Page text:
How Technology-Enabled Communications Drive Use of Routine Services and Revenue
Providers miss opportunities to earn revenue when patients do not get recommended preventive screenings
Americans are notoriously bad at seeking out preventive healthcare. The Centers for Disease Control and Prevention reports that patients in the U.S. use routine care at only half the suggested rate. The low rate of participation in preventive care not only impacts the health of patients, but it also means that providers are missing out on potential revenue opportunities for delivering routine services. The good news is that healthcare providers can steer patients toward preventive care when they do not seek it on their own. A West survey found that nine out of ten physicians report seeing an increase in patient visits when they perform even a minimal amount of outreach to promote routine care. Most healthcare offices have technology in place that they use to deliver automated appointment reminders and other messages to patients. By leveraging patient communication technology in new ways, healthcare teams can teach patients about the advantages, availability and affordability of preventive services, and ultimately increase their organization’s revenue stream.
There is no denying the benefits of preventive medicine. So why don’t more patients take advantage of preventive services? Why do patients skip routine exams and elect not to receive preventive screenings and tests? Asking these questions is important because it helps healthcare providers identify and address obstacles. In other words, when providers know why patients opt out of preventive care, healthcare teams can craft communications aimed at breaking down the barriers that stand between patients and prevention.
Many patients choose not to pursue preventive care because they believe it is too costly. Patients across the U.S. have watched their deductibles rise and received larger healthcare bills in recent years. Many are trying to avoid any additional healthcare expenses. West’s survey findings show that three-quarters (75%) of patients say that high insurance deductibles impact how often they get preventive screenings or tests. Also, 77 percent of patients report that higher insurance deductibles affect how often they see their provider. At a time when more than one-third of Americans say they could not afford an unexpected medical bill for more than $100, patients are simply unwilling to risk taking on financial burden for services they feel are not essential.
It is unfortunate that worries and fears about cost are causing patients to decline preventive care, because a large number of preventive services are available at no cost under the Affordable Care Act. It is also unfortunate because patients may eventually spend much more money overall if they miss opportunities to treat issues early. Educating patients about these two points can help position preventive care as more accessible and necessary.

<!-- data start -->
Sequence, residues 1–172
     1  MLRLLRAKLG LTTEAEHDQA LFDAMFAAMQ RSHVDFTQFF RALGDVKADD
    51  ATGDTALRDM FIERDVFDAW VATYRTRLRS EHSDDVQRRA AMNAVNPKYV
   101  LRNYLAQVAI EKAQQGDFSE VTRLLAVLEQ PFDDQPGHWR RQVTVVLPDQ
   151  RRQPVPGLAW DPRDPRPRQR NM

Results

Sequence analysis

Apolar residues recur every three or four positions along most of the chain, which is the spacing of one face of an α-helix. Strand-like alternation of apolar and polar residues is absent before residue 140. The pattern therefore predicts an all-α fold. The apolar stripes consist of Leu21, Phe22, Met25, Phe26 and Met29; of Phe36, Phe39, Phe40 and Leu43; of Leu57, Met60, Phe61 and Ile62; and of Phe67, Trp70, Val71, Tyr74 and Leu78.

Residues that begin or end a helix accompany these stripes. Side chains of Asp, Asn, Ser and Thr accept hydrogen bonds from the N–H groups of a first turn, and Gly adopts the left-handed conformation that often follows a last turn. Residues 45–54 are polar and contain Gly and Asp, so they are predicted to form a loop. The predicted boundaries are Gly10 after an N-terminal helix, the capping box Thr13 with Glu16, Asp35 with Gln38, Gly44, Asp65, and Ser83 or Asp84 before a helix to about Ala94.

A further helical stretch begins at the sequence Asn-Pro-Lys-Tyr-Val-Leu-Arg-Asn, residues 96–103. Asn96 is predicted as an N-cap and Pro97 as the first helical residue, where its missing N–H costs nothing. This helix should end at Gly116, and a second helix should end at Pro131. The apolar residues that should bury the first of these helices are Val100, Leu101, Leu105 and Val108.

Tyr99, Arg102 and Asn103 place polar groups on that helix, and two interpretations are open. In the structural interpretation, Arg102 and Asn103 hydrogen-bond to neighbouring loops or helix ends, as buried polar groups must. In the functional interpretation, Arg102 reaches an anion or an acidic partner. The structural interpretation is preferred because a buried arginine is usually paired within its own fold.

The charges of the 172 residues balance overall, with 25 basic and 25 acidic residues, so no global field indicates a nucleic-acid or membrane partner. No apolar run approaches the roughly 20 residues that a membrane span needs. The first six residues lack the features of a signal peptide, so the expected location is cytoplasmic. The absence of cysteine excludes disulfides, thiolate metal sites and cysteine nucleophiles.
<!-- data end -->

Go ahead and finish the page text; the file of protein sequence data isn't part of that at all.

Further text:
To address concerns about affordability, healthcare teams can create and send a series of automated messages that will help patients better understand what services are recommended for them and are available at little to no cost. For example, a healthcare practice could easily use electronic health records to identify patients who would benefit from preventive screenings—like blood pressure screenings, mammograms or colorectal cancer screenings. Then, providers could use their patient communication technology to send these patients an automated voicemail message or text message letting them know they are eligible to receive a covered preventive service. Or, providers could send an email newsletter to patients and include information about covered preventive services. These types of efforts enable providers to share information on a mass scale and give patients information that will help them better understand how they can take advantage of preventive care.
Another way providers can use technology-enabled communications to encourage patients to utilize preventive care is by sending seasonal automated outreach messages. This could mean sending a text message to patients in the fall to let them know about an upcoming flu shot clinic. Or, it might involve delivering a resolution-themed automated voice message in January to alert patients about the availability of preventive weight management services and smoking cessation programs. Ideally, these messages would include an option for patients to respond and immediately be connected to a member of their healthcare team who can answer questions or schedule preventive services. By ensuring patients know what resources are available to them, and then prompting them to take advantage of available services, providers can drive greater participation in preventive care.
West survey findings revealed that patients who say their health declined in the past year (44%) are more likely than those who say it stayed the same (34%) or improved (27%) to say they were not aware of all the preventive care services accessible to them. Although patients may have a general notion that preventive care is important, they often don’t realize just how much of a difference it can make. Receiving educational and encouraging messages between visits from providers pushes patients to recognize the importance of preventive care and be more proactive about managing their health.
Eighty percent of patients say they would get preventive screenings if their healthcare providers scheduled them. But it takes effort from healthcare teams to get patients more involved in prevention.
Providers miss opportunities to earn revenue when patients do not get recommended preventive screenings, but healthcare teams can address obstacles that deter patients from utilizing preventive services. The solution is to leverage technology-enabled communications to educate, engage and activate patients. And the payoff is better health and financial outcomes.